5 Year Anniversary

Thank you to everyone who has supported Elwood for these 5 years. Today is our 5 year anniversary!

We opened Elwood on May 1st 2019 and we have had many ups and downs since then, but we are still here following our vision.

I grew up hunting and fishing, and cause I liked to eat, I wanted to learn how to cook game by different methods. This led me to other cookbooks and I became enraptured with American Regional cooking. I was really interested in the foods of America’s subcultures and was watching cooking shows of Paul Prudohmme and Justin Wilson and reading James Beard in High School. I found Dr. William Woys Weaver’s Pennsylvania Dutch Country Cooking at a bookstore in the mall and was amazed at finding foods my family ate in there. We grew up with our comfort foods of pork and sauerkraut, pot pie, shoo fly cake, pickled beets, lebanon bologna and when they slaughtered hogs they made scrapple and Grammy Oley stuffed the pig’stomach.

So I decided to go to culinary school at Penn college and while there was introduced to the French Grande Dining tradition which, coincidentally, featured lots of game and sport fish. Along with the traditional style chefs pushing boundaries like Thomas Kellar, Michel Bras, Charlie Trotter, I also discovered chefs doing what I was really interested in, chefs doing what was called New American (not the same meaning now ) at that time along with the Farm to table movement. Besides chefs like Paul Prudhomme and Leah Chase doing New Orleans cookery, there was Jasper White and Lydia Shire showing off New England foodways, Norman Van Aiken down in Florida, out West was Mark Miller, California had Mary Sue Milliken and Susan Feniger, and of course Alice Waters and Jeremiah Tower. Philly had Jack’s Firehouse and White Dog Cafe. And yes, there are more: Charlie Palmer, Frank Stitt,Tom Douglas, Jean Louis Palladin… (I never ate at these restaurants only read about them, and this is before the Internet was a regular thing so magazines and books)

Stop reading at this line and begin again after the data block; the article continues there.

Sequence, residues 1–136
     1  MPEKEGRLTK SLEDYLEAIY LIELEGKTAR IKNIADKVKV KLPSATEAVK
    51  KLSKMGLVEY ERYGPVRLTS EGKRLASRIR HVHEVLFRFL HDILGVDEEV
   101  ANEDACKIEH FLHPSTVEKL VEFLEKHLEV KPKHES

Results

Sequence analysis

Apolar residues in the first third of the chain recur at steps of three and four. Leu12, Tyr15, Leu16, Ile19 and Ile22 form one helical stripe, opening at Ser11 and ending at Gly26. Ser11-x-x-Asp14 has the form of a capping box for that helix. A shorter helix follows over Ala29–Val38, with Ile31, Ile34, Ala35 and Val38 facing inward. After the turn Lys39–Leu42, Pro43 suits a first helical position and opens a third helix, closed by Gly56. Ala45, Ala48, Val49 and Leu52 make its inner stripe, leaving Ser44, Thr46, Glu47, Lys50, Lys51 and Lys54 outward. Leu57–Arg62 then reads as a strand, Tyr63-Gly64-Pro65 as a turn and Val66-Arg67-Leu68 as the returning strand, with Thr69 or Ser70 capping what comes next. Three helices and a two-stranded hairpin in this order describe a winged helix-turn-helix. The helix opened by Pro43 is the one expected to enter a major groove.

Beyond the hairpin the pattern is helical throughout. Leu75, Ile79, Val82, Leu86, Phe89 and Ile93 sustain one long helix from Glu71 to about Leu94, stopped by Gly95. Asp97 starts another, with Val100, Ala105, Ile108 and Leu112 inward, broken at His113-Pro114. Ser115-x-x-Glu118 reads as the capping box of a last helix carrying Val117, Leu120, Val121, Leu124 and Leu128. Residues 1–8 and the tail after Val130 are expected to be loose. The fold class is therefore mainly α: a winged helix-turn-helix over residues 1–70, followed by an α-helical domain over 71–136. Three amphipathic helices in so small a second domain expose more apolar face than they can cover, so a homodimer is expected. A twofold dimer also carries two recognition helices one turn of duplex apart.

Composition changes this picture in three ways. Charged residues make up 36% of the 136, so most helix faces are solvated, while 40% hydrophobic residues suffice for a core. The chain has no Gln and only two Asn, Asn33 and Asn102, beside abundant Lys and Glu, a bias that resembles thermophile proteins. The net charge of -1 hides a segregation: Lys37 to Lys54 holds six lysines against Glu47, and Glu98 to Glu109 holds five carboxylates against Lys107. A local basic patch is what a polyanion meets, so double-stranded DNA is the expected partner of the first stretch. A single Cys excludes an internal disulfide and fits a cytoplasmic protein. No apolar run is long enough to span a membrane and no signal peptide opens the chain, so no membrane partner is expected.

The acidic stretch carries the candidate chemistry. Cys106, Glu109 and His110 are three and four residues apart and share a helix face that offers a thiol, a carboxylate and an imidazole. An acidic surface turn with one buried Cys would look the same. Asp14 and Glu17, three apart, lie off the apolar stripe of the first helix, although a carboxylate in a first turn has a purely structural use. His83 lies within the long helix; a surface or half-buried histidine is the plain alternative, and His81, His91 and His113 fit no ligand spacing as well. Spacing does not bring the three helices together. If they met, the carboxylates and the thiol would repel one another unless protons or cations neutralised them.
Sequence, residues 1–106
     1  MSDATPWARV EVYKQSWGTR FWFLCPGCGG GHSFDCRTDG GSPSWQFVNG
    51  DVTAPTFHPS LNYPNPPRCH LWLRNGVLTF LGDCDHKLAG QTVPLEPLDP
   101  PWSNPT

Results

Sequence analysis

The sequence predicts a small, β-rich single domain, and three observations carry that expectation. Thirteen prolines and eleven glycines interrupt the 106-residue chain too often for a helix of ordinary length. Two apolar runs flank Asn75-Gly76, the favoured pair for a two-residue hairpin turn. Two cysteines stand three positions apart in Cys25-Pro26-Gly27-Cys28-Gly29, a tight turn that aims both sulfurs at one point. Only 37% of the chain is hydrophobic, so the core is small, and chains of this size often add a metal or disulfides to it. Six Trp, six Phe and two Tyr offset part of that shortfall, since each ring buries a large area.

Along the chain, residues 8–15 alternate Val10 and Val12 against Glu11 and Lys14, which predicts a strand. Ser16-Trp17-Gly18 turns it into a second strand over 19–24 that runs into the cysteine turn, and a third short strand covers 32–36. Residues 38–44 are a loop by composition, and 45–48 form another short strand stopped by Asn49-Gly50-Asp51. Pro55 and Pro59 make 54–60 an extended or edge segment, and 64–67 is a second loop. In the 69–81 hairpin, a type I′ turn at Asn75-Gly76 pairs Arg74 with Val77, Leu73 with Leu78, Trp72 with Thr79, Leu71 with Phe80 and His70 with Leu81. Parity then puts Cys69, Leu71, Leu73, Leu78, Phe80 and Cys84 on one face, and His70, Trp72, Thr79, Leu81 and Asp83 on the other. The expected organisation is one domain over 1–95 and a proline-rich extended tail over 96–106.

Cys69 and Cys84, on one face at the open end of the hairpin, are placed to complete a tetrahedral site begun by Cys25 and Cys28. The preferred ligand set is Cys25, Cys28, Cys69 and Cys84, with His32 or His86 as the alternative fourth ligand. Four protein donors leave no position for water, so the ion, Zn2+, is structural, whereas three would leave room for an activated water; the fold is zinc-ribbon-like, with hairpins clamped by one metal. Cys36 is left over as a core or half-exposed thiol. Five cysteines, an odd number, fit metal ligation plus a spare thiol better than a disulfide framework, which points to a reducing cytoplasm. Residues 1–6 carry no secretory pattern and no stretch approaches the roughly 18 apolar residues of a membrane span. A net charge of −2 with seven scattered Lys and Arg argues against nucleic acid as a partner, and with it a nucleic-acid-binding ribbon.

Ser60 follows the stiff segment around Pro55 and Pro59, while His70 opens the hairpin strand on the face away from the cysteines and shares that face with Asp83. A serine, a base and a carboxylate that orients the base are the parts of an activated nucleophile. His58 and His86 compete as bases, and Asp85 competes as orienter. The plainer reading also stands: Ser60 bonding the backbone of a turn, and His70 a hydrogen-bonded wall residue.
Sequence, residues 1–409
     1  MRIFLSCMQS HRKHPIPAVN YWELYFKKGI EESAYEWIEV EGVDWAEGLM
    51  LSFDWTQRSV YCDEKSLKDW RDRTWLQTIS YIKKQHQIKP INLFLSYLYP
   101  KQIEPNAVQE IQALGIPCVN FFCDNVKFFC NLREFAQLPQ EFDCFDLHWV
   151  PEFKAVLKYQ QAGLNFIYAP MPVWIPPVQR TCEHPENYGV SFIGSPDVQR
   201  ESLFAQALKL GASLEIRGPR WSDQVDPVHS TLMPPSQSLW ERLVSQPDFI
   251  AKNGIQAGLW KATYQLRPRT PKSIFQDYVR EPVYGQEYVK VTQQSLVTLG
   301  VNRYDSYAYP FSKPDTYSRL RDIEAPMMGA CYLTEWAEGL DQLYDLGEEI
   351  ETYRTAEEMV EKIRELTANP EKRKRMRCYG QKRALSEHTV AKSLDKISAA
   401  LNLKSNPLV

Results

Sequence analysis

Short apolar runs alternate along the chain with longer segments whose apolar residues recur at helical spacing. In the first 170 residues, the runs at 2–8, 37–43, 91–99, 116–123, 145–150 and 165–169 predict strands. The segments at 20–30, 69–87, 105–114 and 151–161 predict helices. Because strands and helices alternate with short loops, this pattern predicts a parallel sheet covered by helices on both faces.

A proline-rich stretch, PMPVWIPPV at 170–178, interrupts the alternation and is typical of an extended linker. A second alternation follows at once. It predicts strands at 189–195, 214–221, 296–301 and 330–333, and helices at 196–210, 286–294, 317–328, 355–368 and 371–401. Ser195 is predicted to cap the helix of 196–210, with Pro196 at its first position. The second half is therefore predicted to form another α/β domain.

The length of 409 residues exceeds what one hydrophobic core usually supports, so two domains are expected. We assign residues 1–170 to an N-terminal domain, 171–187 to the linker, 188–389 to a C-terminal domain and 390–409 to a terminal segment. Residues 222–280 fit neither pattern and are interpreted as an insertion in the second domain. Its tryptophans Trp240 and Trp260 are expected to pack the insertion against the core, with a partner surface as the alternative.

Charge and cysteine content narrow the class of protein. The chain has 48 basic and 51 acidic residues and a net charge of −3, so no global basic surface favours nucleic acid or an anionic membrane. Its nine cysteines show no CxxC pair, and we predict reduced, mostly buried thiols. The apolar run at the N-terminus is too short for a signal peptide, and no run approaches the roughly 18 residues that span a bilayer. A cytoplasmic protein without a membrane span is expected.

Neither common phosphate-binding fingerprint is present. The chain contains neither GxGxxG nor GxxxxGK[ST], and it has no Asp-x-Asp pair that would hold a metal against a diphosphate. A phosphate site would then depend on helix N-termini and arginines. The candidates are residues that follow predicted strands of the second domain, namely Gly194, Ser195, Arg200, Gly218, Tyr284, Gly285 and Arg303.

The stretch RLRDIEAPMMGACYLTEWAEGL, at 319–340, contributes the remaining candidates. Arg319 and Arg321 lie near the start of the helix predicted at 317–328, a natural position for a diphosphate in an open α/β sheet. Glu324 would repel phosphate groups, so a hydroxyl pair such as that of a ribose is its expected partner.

But two restaurants that were my favorites and what I idolized were- An American Place in New York City by Larry Forgione and The Inn at Little Washington. Larry Forgione was showcasing regional foods from all over America at his restaurant in NYC.

The restaurant that really blew my mind was Patrick O’Connell’s The Inn at Little Washington. This was a restaurant still in the Grande Cuisine Fine Dining Tradition, but, it was noticably Southern, he wasn’t afraid to put Virginia ham on a course or blackberry vinegar. I thought that the restaurant looked amazing and it was an amazing concept. So I had a dream I would have a restaurant that featured Pennsylvanian or Mid-Atlantic foodways in an old school restaurant. Country style, Show and talk about PA Dutch foods, and to showcase scrapple. Explore Philly’s history with sturgeon, catfish and waffles, shad would be enjoyed every season, bring turtle soup back, and then eventually I had the idea to dine like when I would go to my great- grandmother’s or like one of my other inspirations I used to read about -Betty Groff and her dining on Groff Farm. A nice roast with mashed potatoes and vegetables, pickles and sauces, sitting around a table sharing a meal.

So to all the guests who have died with us and supported us — Thank you! And to our future guests- we will see you soon! May we have another 5 years!